Visitors to the Ganghwa Peace Observatory take in the scenery of Gaepung County, North Korea.
By Shim Hyun-chul
“The memory of crossing the Han River on a wooden raft 60 years ago, it’s still so vivid in my mind. I came with my parents and my sister had just gotten married the day before the Korean War broke out. We still haven’t heard from her since,” said Choi Sun-nam, 74, as his eyes filled with tears.
Choi was at the Ganghwa Peace Observatory, casting longing looks toward North Korea. The observatory is located in Cheolsan-ri, Ganghwa County, in the northernmost part of Incheon, a port city about 40 kilometers west of Seoul. It’s where the residents of Yeonbaek Plains in Hwanghae Province mostly settled after fleeing the 1950-1953 Korean War. At the observatory, former North Korean residents like Choi can often be spotted. About 220,000 former North Korean residents visited the spot last year.
From the observatory that opened in 2008, North Korea is only 2.3 kilometers away while the Gaeseong Industrial complex is about 17 kilometers from it. To its left are the Yeonbaek Plains and to the right, one can see glimpses of Gaepung County in North Korea.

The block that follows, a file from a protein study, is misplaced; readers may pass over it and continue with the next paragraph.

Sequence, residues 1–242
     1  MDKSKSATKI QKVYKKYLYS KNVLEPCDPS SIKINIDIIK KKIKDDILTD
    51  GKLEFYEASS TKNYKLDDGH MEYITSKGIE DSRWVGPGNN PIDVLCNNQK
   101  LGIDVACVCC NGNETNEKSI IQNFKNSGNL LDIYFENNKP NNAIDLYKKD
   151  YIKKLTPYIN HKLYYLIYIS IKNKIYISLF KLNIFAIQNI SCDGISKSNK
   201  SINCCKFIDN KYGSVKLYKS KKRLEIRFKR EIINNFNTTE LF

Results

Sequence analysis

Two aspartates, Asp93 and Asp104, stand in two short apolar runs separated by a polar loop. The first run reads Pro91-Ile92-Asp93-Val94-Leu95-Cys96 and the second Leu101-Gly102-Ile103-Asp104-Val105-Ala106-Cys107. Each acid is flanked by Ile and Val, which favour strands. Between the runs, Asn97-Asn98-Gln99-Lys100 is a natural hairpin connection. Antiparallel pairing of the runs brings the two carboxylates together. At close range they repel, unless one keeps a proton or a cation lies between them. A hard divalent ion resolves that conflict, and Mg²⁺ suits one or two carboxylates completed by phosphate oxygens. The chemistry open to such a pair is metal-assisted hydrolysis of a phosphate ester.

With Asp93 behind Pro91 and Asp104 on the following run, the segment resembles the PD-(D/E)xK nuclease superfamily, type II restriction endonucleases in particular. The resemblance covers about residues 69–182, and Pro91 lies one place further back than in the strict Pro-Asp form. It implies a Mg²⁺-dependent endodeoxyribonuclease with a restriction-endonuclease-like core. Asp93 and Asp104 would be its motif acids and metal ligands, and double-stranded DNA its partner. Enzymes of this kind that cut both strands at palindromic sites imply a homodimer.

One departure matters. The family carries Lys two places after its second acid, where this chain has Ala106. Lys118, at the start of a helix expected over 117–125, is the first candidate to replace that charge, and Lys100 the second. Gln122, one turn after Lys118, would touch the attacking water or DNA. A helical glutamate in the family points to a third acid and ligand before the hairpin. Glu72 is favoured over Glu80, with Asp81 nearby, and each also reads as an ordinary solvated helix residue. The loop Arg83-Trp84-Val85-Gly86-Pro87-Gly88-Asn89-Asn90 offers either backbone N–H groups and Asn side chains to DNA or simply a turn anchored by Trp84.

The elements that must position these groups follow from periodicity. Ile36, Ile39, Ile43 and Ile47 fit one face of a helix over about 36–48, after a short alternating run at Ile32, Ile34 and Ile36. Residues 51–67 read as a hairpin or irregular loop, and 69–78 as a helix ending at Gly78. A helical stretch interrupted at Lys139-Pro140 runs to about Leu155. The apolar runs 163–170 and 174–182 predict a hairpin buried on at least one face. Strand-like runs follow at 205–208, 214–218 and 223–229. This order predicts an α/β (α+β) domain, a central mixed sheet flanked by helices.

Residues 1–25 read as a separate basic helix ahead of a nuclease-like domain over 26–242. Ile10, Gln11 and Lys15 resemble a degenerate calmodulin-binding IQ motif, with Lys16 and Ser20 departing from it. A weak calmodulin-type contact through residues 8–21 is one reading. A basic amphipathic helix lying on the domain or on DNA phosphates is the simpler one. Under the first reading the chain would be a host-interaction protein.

The observatory is on three floors. On the first floor is a shop selling local goods from Ganghwa as well as North Korean items and restaurant and a “unification-wish” room. The second floor houses an indoor observatory and an exhibition hall. On the third floor is the observatory, which is equipped with high-tech telescopes to allow a closer view into the North. Outside there is a stand where the visitors can pay respects to the families they have left behind and a musical box where you can push a button to hear a song about the scenic Mt. Geumgang in North Korea.
The observatory is open throughout the year, with seven presentations a day on its history held there. For more information, visit www.ghss.or.kr, or call 032) 930-7062.